TIM Group Scala Dojo

TIM Group hosts a monthly Scala Dojo as part of the London Scala Users’ Group on Meetup (http://www.meetup.com/london-scala). The dojo is free to attend with drinks and pizza provided to the participants. The dojo always takes place on the third Thursday of the month in the TIM Group London offices.

The dojo is driven by participant in suggesting and choosing shorter programming challenges and collaboratively finding a solution in smaller groups. The atmosphere is relaxed with a focus on fun and learning. The range of scala skills range from total beginners that heard about scala to seasoned enthusiasts that work with scala. Towards the end of the meetup, the different groups present their work and discuss what they have learned.

Example of programming challenges are:

  • Secret Santa problem where the challenge is to find an algorithm for matching people giving each other gifts. No one should get left out and additionally no should be matched with their spouse.
  • finding an approximation of PI using concurrency with akka.
  • using the coursera Scala survey data to find alternatve stats such as ranking countries based on average perceived difficulty.
  • solving the Data Munging Kata from http://codekata.pragprog.com

I have taken my first steps in Scala in the dojo and found it a great learning experience. The time absolutely flies and you often end up with a great feeling of achievement by the end of the night!

The next Scala Dojo is on Thursday Jan 17th.
I hope to see you there!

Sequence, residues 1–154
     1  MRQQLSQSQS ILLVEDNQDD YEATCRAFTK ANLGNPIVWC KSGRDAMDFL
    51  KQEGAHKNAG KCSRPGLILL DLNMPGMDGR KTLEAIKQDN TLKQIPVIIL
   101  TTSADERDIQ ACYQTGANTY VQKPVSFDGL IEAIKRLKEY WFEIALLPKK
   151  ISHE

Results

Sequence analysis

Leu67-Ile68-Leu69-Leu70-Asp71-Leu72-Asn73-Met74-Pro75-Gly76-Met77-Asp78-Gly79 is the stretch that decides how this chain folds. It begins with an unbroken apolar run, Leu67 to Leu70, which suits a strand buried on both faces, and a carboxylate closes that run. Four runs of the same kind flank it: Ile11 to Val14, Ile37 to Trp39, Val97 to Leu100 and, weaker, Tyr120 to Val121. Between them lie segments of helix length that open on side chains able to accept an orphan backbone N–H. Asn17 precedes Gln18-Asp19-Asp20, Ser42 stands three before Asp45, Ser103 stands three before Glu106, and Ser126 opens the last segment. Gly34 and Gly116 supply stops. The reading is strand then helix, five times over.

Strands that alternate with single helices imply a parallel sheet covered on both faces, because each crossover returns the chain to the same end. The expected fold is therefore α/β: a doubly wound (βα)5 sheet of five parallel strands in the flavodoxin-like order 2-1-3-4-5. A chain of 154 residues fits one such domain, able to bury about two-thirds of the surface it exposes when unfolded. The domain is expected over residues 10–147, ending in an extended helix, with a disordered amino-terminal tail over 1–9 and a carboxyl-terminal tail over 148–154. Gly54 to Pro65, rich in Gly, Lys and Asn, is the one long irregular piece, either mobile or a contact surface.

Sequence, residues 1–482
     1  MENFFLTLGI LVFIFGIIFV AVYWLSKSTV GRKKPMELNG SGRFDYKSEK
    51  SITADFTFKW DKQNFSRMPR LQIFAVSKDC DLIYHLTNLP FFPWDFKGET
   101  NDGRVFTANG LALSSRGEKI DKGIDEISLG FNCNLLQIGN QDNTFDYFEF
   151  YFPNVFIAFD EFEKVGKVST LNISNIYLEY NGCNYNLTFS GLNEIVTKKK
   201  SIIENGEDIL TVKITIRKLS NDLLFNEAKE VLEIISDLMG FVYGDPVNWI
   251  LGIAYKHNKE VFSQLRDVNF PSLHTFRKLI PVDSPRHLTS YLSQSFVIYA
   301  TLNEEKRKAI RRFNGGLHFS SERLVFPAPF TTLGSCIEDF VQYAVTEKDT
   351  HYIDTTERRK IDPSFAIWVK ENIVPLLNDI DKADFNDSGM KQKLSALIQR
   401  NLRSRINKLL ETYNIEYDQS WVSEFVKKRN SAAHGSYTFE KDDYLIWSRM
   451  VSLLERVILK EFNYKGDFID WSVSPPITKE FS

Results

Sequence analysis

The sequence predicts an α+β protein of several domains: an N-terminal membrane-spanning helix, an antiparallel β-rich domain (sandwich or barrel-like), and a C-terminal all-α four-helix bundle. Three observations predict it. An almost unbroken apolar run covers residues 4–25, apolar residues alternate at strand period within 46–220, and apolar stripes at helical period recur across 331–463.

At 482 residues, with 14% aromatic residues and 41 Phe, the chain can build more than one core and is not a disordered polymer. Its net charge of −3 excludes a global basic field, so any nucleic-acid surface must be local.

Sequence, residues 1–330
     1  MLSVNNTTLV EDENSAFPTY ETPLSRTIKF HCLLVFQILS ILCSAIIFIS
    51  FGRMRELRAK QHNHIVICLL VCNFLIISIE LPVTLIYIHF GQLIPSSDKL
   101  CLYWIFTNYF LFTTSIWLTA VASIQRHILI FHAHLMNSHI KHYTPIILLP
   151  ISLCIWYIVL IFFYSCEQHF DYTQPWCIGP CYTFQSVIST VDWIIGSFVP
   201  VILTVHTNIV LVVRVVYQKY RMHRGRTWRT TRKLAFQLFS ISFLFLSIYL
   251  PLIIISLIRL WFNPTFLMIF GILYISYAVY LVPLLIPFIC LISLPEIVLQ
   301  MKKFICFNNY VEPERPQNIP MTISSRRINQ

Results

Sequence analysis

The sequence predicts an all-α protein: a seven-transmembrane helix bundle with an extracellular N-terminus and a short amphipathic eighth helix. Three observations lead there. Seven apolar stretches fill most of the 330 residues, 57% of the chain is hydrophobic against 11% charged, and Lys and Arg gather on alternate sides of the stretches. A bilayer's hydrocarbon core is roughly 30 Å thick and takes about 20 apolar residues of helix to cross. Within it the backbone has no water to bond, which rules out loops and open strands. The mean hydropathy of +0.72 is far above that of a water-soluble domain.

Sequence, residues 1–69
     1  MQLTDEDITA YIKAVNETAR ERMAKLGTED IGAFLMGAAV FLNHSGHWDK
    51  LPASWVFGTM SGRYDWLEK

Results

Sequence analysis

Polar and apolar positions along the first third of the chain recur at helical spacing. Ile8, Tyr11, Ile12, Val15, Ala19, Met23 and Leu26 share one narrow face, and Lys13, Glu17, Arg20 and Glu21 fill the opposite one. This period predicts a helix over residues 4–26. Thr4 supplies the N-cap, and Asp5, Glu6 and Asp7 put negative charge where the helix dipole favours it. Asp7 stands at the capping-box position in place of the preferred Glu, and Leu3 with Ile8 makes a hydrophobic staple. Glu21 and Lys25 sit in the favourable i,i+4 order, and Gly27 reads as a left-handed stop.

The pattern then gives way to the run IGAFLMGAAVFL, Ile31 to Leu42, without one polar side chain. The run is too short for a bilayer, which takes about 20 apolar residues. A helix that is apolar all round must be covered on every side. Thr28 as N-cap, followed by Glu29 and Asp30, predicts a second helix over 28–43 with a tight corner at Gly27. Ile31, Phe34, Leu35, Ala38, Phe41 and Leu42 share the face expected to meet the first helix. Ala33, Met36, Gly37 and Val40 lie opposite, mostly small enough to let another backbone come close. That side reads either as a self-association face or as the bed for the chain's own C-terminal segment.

FOSDEM 2012

Last weekend I attended FOSDEM, “the biggest free and non-commercial event organized by and for the community”. The Free and Open-Source Software Developers Meeting, held in Brussels, pulls in roughly 4000 FOSS hackers from around the world. I was one of the speakers on the schedule in the Free Java Dev Room, introducing my open source project, Mutability Detector. The lineup was pretty illustrious, including Charles Nutter, co-lead of JRuby, and Mark Reinhold, the Chief Architect of Java Development at Oracle. Here I’ll describe some of my experiences at FOSDEM, and relay some of the interesting stuff people presented. (Apologies if I misremember anything – there was a lot going on at the conference!)

Lost in Translation

First off, let this be a warning to any potential FOSDEM-goers. ULB, the University that hosts the event, has two campuses. Campus Solbosch, where the entirety of FOSDEM happens, and about 11km from that, way over on the other side of the city, Campus Erasmus, where I went. Top tip: when planning international trips to foreign countries that you’ve never visited before, don’t rely on Google Maps.